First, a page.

We’ve been over fartleks. We’ve discussed intervals. We’ve cruised through tempos. And now we’ve come to the bottom of the hill. We’ll get to the top and I’ll have nothing left to say about speed for at least a week. I’ll have taught you nearly everything I know and you’ll all be speeding past me next time I see you in the park. Isn’t that right, Kathleen?
Those who run in Prospect Park know about the hill. Or should I say The Hill? I believe Micah and I named it Devastation Pass last summer when we were training for the Ragnar Relay and our half marathon. We enter the park at Grand Army Plaza, veer to the right, run around the park counterclockwise, and hit Devastation Pass just before we exit and run home. It’s more the luck (or unluck) of the location of our apartment that puts the hill so close to the end, when we are less fresh than we were 30 minutes before. But it’s a blessing in disguise because by that point, we can say, “We’re nearly to the homestretch. Let’s get there quicker.” So we push up the hill with the knowledge that we’re almost home — only 1 1/2 miles to go! — and the faster we get up that thing, the less time we’ll have to spend pushing ourselves up it.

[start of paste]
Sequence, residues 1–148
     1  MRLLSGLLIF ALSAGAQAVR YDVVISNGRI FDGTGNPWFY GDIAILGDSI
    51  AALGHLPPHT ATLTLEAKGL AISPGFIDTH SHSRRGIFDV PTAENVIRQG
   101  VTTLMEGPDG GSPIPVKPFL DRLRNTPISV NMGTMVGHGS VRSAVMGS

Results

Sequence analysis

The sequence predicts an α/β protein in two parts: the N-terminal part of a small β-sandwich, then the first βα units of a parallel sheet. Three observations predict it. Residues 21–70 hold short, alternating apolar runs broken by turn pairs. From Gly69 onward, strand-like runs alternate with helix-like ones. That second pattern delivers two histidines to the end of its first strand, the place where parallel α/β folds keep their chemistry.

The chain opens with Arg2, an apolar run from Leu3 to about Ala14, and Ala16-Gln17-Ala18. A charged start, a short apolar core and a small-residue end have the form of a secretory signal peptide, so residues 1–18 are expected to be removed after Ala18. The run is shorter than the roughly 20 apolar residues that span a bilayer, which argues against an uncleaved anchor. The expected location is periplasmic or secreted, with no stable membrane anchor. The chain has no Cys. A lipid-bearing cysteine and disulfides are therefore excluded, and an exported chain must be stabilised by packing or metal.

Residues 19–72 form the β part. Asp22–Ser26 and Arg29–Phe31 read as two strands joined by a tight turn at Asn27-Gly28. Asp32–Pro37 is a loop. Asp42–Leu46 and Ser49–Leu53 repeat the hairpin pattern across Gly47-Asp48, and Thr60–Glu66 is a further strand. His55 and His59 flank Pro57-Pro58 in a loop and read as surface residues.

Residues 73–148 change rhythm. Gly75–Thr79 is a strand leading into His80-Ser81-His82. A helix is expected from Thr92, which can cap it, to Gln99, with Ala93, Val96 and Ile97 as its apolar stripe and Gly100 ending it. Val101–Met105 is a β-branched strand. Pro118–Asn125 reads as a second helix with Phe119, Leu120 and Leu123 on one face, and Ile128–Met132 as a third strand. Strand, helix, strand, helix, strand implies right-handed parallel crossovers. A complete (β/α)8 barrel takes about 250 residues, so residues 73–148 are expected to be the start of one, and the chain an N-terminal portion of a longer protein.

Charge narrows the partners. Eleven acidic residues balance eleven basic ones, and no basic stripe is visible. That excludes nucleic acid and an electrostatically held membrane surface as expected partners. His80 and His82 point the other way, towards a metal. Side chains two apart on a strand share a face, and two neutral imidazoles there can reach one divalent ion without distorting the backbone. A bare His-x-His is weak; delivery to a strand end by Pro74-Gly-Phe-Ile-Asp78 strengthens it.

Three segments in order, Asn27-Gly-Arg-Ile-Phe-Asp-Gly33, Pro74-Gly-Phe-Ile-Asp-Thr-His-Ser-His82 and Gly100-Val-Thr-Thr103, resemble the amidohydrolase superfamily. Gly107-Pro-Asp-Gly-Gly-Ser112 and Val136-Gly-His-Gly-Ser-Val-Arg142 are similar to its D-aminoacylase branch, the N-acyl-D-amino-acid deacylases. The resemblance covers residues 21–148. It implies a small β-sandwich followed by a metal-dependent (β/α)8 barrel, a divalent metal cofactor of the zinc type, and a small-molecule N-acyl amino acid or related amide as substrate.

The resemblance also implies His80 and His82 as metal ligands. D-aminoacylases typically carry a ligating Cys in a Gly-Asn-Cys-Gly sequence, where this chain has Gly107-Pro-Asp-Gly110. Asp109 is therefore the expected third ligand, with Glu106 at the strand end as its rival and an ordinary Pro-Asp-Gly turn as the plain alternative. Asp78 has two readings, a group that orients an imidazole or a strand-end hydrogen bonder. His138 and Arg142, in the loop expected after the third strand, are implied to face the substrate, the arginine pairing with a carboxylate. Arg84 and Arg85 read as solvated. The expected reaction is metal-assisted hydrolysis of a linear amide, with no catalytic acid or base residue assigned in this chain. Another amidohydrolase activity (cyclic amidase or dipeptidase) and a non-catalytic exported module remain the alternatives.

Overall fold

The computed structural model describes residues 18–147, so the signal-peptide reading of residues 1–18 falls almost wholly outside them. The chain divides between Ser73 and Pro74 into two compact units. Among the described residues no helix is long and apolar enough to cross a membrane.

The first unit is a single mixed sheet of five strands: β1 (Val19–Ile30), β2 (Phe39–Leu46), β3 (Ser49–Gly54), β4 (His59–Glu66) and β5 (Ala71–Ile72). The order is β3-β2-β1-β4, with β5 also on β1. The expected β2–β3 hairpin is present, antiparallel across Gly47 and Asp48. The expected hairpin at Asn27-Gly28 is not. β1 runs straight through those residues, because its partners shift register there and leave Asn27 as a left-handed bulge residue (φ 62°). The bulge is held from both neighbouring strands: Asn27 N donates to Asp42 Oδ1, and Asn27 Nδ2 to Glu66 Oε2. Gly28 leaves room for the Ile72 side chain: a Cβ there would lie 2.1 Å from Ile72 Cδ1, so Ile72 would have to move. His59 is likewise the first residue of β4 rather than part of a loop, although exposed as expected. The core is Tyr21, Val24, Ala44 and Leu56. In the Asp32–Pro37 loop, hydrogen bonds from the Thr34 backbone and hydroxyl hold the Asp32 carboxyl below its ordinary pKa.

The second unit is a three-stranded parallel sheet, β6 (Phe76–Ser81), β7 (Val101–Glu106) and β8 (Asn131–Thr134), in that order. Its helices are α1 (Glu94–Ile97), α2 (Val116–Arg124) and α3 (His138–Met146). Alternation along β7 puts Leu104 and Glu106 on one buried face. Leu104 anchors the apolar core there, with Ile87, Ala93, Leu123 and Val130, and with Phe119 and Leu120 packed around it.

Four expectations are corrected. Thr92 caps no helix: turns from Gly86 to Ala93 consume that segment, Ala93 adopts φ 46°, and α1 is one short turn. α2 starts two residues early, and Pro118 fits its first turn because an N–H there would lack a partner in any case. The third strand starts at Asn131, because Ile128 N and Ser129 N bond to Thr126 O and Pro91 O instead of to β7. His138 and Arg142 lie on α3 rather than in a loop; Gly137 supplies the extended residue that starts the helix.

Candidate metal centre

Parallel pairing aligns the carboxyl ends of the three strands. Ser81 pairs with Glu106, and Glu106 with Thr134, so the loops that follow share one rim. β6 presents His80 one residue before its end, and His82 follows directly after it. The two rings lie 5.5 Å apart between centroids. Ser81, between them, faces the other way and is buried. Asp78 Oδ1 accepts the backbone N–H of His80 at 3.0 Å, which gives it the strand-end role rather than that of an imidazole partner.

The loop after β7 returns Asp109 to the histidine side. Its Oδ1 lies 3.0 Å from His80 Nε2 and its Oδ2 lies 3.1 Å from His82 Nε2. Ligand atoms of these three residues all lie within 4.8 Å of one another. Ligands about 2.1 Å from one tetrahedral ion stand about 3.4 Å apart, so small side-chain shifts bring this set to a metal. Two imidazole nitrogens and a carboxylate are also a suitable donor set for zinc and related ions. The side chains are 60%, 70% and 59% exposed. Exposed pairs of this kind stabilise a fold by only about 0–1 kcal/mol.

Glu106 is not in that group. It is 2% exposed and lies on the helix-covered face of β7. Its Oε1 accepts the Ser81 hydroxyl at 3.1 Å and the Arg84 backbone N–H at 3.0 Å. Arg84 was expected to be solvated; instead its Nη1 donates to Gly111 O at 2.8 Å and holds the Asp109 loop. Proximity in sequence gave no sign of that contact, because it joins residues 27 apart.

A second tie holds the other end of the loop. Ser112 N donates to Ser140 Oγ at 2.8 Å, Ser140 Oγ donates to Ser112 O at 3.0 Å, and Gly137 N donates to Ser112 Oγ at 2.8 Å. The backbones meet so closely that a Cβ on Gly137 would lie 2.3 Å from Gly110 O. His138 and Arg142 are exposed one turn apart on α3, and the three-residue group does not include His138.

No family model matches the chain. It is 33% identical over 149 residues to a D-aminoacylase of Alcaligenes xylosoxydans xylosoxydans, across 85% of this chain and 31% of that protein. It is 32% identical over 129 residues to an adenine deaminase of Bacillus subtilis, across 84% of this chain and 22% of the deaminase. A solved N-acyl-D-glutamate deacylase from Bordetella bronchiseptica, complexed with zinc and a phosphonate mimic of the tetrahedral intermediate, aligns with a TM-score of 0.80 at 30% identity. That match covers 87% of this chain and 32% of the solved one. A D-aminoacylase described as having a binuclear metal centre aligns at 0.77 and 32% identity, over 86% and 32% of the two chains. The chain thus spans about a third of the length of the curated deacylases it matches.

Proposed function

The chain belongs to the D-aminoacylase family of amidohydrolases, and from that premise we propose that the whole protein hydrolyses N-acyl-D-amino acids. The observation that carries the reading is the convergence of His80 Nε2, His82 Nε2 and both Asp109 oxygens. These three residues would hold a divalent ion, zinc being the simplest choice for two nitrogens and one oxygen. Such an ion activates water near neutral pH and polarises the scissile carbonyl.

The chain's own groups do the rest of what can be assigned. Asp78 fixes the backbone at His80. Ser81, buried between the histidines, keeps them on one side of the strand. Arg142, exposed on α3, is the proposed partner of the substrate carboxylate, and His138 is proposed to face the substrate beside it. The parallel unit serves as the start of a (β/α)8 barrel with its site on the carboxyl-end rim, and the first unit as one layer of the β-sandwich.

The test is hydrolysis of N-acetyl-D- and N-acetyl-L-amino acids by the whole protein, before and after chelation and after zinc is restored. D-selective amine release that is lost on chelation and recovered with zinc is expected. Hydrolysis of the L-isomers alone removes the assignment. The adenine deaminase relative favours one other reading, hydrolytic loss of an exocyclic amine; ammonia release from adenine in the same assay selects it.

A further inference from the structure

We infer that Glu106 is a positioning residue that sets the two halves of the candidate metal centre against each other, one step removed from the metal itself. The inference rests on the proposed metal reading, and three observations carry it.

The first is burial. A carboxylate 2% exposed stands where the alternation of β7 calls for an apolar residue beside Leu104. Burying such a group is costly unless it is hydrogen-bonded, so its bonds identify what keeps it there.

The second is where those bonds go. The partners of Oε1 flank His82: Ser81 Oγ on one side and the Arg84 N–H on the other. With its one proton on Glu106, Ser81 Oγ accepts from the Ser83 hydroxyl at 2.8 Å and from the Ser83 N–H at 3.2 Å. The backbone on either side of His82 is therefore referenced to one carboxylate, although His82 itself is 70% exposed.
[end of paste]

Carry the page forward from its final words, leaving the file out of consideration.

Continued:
It wasn’t until recently that I realized that powering up the hill was one of our more effective training tools. Because, you see, running up hills makes you stronger. No matter how you slice it, tackling hills will make you a stronger, faster runner. Take them 10 seconds at a time at an all out effort and you’ll increase your strength and build your “fast-twitch” muscle fibers. Take them long (miles long) and slow(er) and you’ll have the nicest quads on the block. If you have only one hill to choose from, run up it, jog (or walk, or walk backward) down, and run up again. If you live in a hilly place, try to hit as many as you can while you are out on your run. If you live in Nebraska, or any place that hills are as common as hen’s teeth, I’ve heard that parking garage ramps will do the trick nicely.
To the hills, everyone!